I. What is Epithet?
A girl’s name is Marilynn, but her parents call her Lynn. Her sister calls her Mary. And her friends call her Merry-go-round when she’s being silly. Lynn, Mary, and Merry-go-round are all epithets, or special nicknames that replace the name of a person and often describe them in some way. Epithet (pronounced ep–uh-thet) is derived from the Greek phrase epitithenai, meaning “to add” or “to put on.”
II. Examples of Epithet
Daddy Longlegs is the epithet commonly used for Opiliones spiders. Oftentimes, epithets take a particular characteristic or description of a subject and use it to replace the subject’s actual name.
Man’s best friend
This phrase is immediately understood as meaning “dog.” Dogs have been such important and constant companions to human beings that they have earned the epithet “man’s best friend.”
Ivan the Terrible
Ivan IV Vasilyevich earned his epithet for the fear he inspired in his subjects and enemies. In this example, the epithet takes the form of the byname “the Terrible.”
III. The Importance of Epithet
Epithets show just how strong certain character traits or physical traits are, as they come to replace the actual names of people, places, or things. Also known as sobriquets, these longstanding nicknames label the most memorable aspects of kings and queens and also provide simplified names for complicated or scientific concepts.
IV. Examples of Pastiche in Literature
Epithet is a common element in literature, coloring characters by specific traits that come to define them. For an example, consider William Golding’s character Piggy in Lord of the Flies:
Piggy, for all his ludicrous body, had brains. Ralph was a specialist in thought now, and could recognize thought in another.
Piggy’s arms and legs twitched a bit, like a pig’s after it has been killed.
Ralph wept for the end of innocence, the darkness of man’s heart, and the fall through the air of the true, wise friend called Piggy.
The epithet Piggy is simple on the surface: the child is overweight and when bullied in school, he earns the nickname “Piggy.” As these excerpts show, though, the name is complicated by the savagery on the island which results in his loss of humanity and death. It is ironic as well in that the wisest character has the silliest name.
John Milton’s Paradise Lost:
Did I request thee, Maker, from my clay
To mould me man? Did I solicit thee
From darkness to promote me?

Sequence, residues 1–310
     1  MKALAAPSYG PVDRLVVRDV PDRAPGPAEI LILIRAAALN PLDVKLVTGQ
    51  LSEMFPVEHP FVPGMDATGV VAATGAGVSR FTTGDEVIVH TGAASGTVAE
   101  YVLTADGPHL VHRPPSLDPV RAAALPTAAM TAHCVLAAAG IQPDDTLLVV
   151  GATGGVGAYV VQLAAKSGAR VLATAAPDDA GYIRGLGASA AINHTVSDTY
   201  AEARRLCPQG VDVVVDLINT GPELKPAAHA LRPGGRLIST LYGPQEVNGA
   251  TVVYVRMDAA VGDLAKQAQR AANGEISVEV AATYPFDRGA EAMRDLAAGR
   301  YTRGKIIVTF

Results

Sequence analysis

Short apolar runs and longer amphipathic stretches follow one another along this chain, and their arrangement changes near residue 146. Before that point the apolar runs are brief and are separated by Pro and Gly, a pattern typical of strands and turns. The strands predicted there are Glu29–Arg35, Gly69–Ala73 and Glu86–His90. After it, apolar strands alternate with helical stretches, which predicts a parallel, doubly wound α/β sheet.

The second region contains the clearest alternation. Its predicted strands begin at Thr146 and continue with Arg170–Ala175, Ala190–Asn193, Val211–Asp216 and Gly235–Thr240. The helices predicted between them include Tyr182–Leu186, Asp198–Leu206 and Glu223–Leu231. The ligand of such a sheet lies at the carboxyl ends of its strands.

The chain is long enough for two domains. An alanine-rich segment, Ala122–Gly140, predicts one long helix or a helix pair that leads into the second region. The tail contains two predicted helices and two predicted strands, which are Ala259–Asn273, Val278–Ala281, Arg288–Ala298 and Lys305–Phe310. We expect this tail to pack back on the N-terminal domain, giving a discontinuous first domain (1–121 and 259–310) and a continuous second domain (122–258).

Hail Son of God, Saviour of Men, thy Name
Shall be the copious matter of my Song
Henceforth, and never shall my Harp thy praise
Forget, nor from thy Father’s praise disjoin.
Milton’s epic poem is filled with epithets, most of which are for God and Jesus: “Maker” and “Father” as well as “Son of God” and “Savior of Men.” Because God and Jesus are mentioned frequently and so exalted, they are given a variety of names.
V. Examples of Pastiche in Pop Culture
Epithets can be throughout pop culture from famous film characters to pop stars’ stage names. Here are a few examples of epithet in the music industry:
- Elvis Presley was given the epithet “The King of Rock and Roll” or simply “The King.”
- Louis Armstrong had the epithets “Satchmo” and “Pops.”
- Ella Fitzgerald is known as the “First Lady of Song” and “Queen of Jazz.”
Epithets are also common in sports:
- George Herman Ruth, Jr. as “Babe Ruth,” and “The Bambino.”
- Usain Bolt as “Lightning Bolt” and “Bolt from the blue.”
Just as kings and queens earn epithets, today’s celebrities carry their own glorified nicknames. These are but a few examples of how famous people come to be known by epithets.
VI. Related Terms
Like epithet, antonomasia involves the substitution of a name for another. Whereas epithets may be nicknames applied to a wide variety of subjects, antonomasia is the substitution of a well-known and documented name for a famous person. Here are a few examples of antonomasia:
- William Shakespeare as “The Bard.”
- Muhammad Ali as “The Greatest.”
- Aristotle as “The Philosopher.”
Epigrams are witty sayings which cleverly express an idea. Here are a few examples of epigrams:
To see a world in a grain of sand,
And heaven in a wild flower,
Hold infinity in the palm of your hand,
And eternity in an hour.
This brief epigram by William Blake expresses a universal idea with brevity and beauty.
Epigraphs are short phrases placed at the beginning of a document such as a novel or poem. Epigraphs may be brief poems, quotes, or phrases which serve to challenge, introduce, or invite comparison to the following composition.
Here are a one example of a famous epigraphs:
This simple epigraph introduces E.M. Forester’s novel Howard’s End, as well as its main theme: human connection and love.
Although they share the prefix epi-, epigrams and epigraphs share very little with epithets in their actual definition. Be careful to differentiate between the three.
VI. In Closing
Whether you’re a “Long Legs” basketball player, “Cheetah” sprinter, “Speedy-McGee” reader, or sleepy “Sloth,” chances are you have been given a nickname. Epithets provide both everyday and famous people, places, and things with memorable titles.